Sony/ATV leads syncs for million-dollar Super Bowl ads
The 13-3 battle between the New England Patriots and Los Angeles Rams was not the only clash at Sunday night’s (US time) SuperBowl.
It was a battle between the publishers to see how many of their songs they could get onto the 60 ads screened during the three-hour game.
The SuperBowl is the most expensive ad buy on American TV, with the CBS network getting between $5.1—$5.3 million for 30-seconds of airtime.
Synchs for in-demand tunes can command anywhere from $100,000 to about $1 million on the publishing side.
The figures are similar for the recording side if the original masters are used.
Early ratings figures suggested the lowest in a decade, but the game still drew close to 100 million Americans catching it on TV and a couple of million more digitally.
Sony/ATV was the most successful, with a share in eight national ads, BMG had eight.
Warner/Chappell had at least four.
Cardi B, who declined to perform at the half-time entertainment, starred alongside Steve Carell and Lil Jon in Pepsi’s More Than OK ad, which featured her chart-topping and Grammy-nominated ‘I Like It’ with Bad Bunny and J. Balvin.
That ad was shared by Sony/ATV, Universal, BMG and Kobalt.
Queen’s ‘Don’t Stop Me Now’ featured in Amazon’s Not Everything Makes The Cut commercial whose all-star cast included Harrison Ford and Forest Whitaker.
The success of the British band’s Bohemian Rhapsody movie saw Sony/ATV licence their songs this year to brands including Google, Peloton and Silk Almondmilk.
Michael Buble’s version of the 1920s standard ‘When You’re Smiling’ was licensed for a Pepsi ad starring the Canadian crooner.
Ludacris appeared in a Mercedes-Benz commercial which included his 2003 #1 ‘Stand Up’.
Bob Dylan’s power-political ‘60s anthem ‘Blowin’ In The Wind’ fitted in with beer brand Budweiser’s “Wind Never Felt Better” campaign.
It showed a Dalmatian riding on a beer wagon pulled by Clydesdale horses, which turned out to be actually powered by electric windmills – to show that its beer is now brewed solely by renewable electricity from wind power.
Dating and networking app Bumble used Rita Ora’s version of ‘Soul Survivor’ from last year’s Phoenix album with footage starring tennis legend Serena Williams.
Other Sony/ATV songs used during the SuperBowl were Dean Martin’s 1953 hit ‘That’s Amore’ by T-Mobile and Foster The People’s ‘Sit Next To Me’ for Hyundai.
Sony/ATV’s president of global chief marketing officer Brian Monaco said: “The Super Bowl stands out as the most coveted spot in the calendar for songwriters and artists who want their music associated with a platform that has over 100 million people watching on TV and millions more engaged digitally.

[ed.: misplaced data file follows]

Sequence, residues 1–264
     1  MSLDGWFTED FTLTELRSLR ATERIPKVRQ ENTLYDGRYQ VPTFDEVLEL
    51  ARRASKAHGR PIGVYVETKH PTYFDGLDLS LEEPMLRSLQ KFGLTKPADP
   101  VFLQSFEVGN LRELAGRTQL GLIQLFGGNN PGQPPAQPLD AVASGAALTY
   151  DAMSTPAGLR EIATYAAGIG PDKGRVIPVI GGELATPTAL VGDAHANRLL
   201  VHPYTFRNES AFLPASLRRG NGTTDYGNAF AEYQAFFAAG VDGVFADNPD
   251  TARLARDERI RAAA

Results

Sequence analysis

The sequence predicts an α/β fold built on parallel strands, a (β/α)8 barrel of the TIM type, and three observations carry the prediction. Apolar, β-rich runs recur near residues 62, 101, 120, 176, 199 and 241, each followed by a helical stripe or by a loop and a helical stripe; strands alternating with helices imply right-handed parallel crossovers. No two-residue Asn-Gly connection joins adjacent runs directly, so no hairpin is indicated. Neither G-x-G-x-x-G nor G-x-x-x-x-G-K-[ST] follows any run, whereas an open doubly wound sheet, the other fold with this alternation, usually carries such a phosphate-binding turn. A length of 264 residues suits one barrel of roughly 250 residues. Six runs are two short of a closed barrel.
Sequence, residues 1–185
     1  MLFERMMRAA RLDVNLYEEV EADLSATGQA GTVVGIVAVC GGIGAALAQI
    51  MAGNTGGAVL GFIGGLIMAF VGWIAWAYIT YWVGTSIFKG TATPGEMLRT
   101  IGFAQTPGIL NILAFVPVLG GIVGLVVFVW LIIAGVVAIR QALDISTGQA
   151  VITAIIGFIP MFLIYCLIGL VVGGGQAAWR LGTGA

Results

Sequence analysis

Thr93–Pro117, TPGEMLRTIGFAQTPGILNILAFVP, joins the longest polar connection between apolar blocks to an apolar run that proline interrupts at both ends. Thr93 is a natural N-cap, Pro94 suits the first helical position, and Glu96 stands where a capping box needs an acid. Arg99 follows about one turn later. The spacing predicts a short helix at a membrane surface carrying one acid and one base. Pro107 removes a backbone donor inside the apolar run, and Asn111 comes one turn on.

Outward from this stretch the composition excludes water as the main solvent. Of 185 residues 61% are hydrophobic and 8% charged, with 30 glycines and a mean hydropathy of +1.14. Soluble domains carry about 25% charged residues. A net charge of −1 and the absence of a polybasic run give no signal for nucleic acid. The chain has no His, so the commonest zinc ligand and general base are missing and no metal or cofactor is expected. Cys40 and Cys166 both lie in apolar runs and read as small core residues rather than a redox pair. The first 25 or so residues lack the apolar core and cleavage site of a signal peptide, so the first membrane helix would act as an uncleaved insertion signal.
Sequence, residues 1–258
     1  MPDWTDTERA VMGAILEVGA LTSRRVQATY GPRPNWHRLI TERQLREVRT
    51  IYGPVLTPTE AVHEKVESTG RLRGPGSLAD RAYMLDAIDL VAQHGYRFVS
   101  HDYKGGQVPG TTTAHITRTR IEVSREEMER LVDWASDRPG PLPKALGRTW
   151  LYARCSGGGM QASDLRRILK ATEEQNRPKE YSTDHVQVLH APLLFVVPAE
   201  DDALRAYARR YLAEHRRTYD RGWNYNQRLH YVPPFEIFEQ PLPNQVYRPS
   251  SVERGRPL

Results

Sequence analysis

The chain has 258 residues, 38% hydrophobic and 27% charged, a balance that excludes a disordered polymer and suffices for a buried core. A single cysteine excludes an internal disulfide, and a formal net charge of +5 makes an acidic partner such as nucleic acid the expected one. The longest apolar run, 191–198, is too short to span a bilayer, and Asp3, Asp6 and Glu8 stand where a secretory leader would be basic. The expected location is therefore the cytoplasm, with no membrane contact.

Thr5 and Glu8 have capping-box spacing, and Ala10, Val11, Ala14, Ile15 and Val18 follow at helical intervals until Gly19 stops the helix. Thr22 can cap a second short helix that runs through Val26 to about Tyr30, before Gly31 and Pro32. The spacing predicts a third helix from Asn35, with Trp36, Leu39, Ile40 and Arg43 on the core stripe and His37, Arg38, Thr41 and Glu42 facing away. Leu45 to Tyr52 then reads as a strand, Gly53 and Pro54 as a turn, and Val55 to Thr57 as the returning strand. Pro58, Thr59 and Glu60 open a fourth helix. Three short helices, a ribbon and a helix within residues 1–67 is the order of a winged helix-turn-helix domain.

“Thanks to the digital platforms, the game has become an even bigger story for brands.
“At one time it was all about the live broadcast, but the addition of digital campaigns to the mix is delivering new audiences to advertisers and great analytics.”
Other stand-out ads saw a Chance the Rapper/Backstreet Boys team-up, dancing in an airport hangar to a Chance remix of “I Want It That Way.” Tag line: “The original. Now it’s hot.”
A Toyota spot featuring its brand-new sports Supra navigating a giant pinball machine marked the “exclusive commercial debut” of The Who’s “Pinball Wizard” and coincides with the 50th anniversary of the Tommy album.
Aside from Dean Martin’s ‘That’s Amore’, T-Mobile also used Fine Young Cannibals’ 1988 ‘She Drives Me Crazy’ (couple wondering what to get for dinner, which got it accusations of sexism on social media because it insinuated the woman was indecisive), and from the 1970s, Eric Carmen’s ‘All By Myself’ and Walter Murphy’s disco-classic ‘A Fifth of Beethoven’ which included Richard Strauss’ 19th century tune ‘Sprach Zarathustra’ probably better known today from the 2001: A Space Odyssey soundtrack
Also going symphonic was Amazon Alexa’s use of the London Symphony Orchestra’s version of the Umberto Tozzi and Laura Branigan’s disco hip shaker ‘Gloria’.
In other SuperBowl stats, Maroon 5’s halftime performance was deemed lacklustre.
But their sales went up 434% (or 25,000 downloads) overnight, with similar spikes for their guests Travis Scott and OutKast’s Big Boi.